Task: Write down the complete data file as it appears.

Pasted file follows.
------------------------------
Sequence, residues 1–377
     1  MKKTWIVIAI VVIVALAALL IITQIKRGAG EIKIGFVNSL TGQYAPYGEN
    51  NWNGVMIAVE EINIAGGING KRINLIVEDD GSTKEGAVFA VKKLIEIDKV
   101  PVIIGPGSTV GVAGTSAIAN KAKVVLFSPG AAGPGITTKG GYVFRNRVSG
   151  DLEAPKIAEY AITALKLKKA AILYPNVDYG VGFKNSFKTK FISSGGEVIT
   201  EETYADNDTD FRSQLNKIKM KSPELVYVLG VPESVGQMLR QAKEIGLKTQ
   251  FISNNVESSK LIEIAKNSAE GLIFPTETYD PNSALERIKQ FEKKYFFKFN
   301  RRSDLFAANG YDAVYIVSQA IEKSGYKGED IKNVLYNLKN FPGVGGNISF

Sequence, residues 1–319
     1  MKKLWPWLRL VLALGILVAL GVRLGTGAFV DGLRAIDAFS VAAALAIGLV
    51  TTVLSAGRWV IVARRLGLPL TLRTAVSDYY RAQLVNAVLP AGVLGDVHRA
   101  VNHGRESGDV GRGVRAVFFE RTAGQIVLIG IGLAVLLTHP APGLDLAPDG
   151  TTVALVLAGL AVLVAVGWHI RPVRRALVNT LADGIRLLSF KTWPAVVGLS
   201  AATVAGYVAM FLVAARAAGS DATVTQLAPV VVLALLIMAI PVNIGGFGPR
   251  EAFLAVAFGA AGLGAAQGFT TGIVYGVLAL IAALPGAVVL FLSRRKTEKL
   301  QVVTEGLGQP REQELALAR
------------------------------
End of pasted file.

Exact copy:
Sequence, residues 1–377
     1  MKKTWIVIAI VVIVALAALL IITQIKRGAG EIKIGFVNSL TGQYAPYGEN
    51  NWNGVMIAVE EINIAGGING KRINLIVEDD GSTKEGAVFA VKKLIEIDKV
   101  PVIIGPGSTV GVAGTSAIAN KAKVVLFSPG AAGPGITTKG GYVFRNRVSG
   151  DLEAPKIAEY AITALKLKKA AILYPNVDYG VGFKNSFKTK FISSGGEVIT
   201  EETYADNDTD FRSQLNKIKM KSPELVYVLG VPESVGQMLR QAKEIGLKTQ
   251  FISNNVESSK LIEIAKNSAE GLIFPTETYD PNSALERIKQ FEKKYFFKFN
   301  RRSDLFAANG YDAVYIVSQA IEKSGYKGED IKNVLYNLKN FPGVGGNISF

Sequence, residues 1–319
     1  MKKLWPWLRL VLALGILVAL GVRLGTGAFV DGLRAIDAFS VAAALAIGLV
    51  TTVLSAGRWV IVARRLGLPL TLRTAVSDYY RAQLVNAVLP AGVLGDVHRA
   101  VNHGRESGDV GRGVRAVFFE RTAGQIVLIG IGLAVLLTHP APGLDLAPDG
   151  TTVALVLAGL AVLVAVGWHI RPVRRALVNT LADGIRLLSF KTWPAVVGLS
   201  AATVAGYVAM FLVAARAAGS DATVTQLAPV VVLALLIMAI PVNIGGFGPR
   251  EAFLAVAFGA AGLGAAQGFT TGIVYGVLAL IAALPGAVVL FLSRRKTEKL
   301  QVVTEGLGQP REQELALAR